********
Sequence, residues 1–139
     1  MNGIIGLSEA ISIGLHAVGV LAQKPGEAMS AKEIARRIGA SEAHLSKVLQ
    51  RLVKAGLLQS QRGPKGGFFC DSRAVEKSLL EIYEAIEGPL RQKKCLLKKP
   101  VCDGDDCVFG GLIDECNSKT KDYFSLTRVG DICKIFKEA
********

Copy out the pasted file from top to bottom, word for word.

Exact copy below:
Sequence, residues 1–139
     1  MNGIIGLSEA ISIGLHAVGV LAQKPGEAMS AKEIARRIGA SEAHLSKVLQ
    51  RLVKAGLLQS QRGPKGGFFC DSRAVEKSLL EIYEAIEGPL RQKKCLLKKP
   101  VCDGDDCVFG GLIDECNSKT KDYFSLTRVG DICKIFKEA